The UK government yesterday announced the creation of a £13 million Energy Storage R&D Centre to focus on the development of batteries for electric and hybrid vehicles.
The centre at the University of Warwick, with £9 million in backing from the government and £4 million from industry, will aim to capitalise on the growing battery market, which could be worth £250 million for the UK economy by 2020.
The funding comes as part of the Department of Business, Innovation and Skills’ £400 million commitment supporting the development of electric cars and other ultra-low carbon vehicles over the next four years.
“[The] energy storage R&D centre at the University of Warwick… will put the UK in a much stronger, competitive position to capitalise on a growing worldwide market for low carbon vehicles, alongside other world leaders in the field including the US, Japan and Germany,” commented Business Minister Michael Fallon.
The centre is being established within the government’s new High Value Manufacturing Catapult at the University, part of an initiative launched earlier this year to accelerate development in key sectors.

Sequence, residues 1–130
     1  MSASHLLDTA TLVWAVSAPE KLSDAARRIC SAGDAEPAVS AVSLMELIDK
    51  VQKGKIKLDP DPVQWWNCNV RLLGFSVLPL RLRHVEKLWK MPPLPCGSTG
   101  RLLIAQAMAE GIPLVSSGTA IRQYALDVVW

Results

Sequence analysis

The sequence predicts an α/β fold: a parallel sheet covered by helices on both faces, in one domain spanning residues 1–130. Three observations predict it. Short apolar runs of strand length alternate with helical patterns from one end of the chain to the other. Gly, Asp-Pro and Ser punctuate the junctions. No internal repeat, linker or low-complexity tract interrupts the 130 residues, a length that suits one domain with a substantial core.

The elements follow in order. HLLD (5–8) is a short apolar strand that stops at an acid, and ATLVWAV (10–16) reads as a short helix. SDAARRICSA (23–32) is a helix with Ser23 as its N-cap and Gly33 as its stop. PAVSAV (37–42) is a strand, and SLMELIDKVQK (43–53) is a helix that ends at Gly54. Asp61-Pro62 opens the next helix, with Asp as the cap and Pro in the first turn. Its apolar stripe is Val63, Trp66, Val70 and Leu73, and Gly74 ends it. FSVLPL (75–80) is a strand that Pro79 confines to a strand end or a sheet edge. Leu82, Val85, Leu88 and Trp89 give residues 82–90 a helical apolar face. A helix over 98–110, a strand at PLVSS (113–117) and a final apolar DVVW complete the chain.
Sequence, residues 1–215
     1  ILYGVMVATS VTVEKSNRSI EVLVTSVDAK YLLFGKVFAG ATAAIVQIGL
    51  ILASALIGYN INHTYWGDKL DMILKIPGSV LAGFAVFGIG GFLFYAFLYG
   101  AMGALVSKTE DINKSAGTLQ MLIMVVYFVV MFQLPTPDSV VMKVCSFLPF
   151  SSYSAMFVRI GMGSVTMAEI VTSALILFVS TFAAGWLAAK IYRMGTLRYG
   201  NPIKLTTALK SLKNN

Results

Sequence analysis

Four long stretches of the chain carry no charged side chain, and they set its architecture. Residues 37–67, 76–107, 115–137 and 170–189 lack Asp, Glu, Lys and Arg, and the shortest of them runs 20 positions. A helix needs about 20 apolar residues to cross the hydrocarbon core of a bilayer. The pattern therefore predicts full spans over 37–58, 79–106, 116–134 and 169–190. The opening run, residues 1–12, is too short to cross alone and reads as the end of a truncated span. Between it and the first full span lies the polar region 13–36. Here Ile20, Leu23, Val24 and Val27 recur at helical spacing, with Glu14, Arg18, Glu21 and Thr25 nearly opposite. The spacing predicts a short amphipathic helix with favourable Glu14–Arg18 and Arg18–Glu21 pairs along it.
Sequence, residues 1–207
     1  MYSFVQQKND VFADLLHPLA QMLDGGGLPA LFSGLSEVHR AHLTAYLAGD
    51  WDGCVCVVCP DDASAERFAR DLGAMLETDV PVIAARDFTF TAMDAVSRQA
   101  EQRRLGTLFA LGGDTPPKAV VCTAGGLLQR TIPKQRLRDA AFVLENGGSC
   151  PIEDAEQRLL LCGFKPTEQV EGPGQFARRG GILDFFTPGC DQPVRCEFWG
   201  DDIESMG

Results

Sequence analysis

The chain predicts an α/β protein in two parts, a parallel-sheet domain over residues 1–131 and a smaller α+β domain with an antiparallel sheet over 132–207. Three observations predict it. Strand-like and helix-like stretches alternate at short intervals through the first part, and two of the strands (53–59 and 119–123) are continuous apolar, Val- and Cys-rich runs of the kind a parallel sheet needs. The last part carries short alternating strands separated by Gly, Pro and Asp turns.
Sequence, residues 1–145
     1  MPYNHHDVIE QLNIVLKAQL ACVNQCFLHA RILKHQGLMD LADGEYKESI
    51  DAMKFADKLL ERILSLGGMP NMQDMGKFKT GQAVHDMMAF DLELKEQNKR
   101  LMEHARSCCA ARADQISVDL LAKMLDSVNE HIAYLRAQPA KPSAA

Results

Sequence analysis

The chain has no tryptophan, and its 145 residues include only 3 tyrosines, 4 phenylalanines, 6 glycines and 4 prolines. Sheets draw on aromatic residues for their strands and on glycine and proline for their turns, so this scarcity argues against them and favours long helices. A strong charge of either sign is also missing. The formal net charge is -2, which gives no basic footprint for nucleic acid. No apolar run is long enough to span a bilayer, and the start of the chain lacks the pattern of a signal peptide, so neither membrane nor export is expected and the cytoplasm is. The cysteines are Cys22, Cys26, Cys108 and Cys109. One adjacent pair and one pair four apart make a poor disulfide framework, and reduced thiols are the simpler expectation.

“By locating the centre within the new High Value Manufacturing Catapult, it will be possible to draw on capabilities that have already been developed in energy storage and help to speed up the commercialisation of new products,” explains David Bott, director of innovation programmes at the Technology Strategy Board.
While the centre will initially prioritise batteries for low and ultralow carbon vehicles, it has the potential to expand its remit to other transport applications like commercial and off-road vehicles, rail and marine transport, as well as other technologies such as fuel cells.
The news has been welcomed by carmaker Nissan, which has invested heavily in its UK production facilities.
“The announcement of the UK Energy Storage R&D Centre is great news and is further evidence that collaboration between the government, industry and academic institutions in the UK continues to create opportunities to increase innovation and further develop the supply chain in the automotive industry,” commented Jerry Hardcastle of Nissan Motor Company.
For further information:
Ford brings electric vehicle development in-house (16-Aug)
US Energy Department kick starts energy storage with $43 million (9-Aug)
Green local transport schemes get £113 million injection (25-May)
UK government propels green technologies ahead with Catapult (10-Feb)
06 September 2012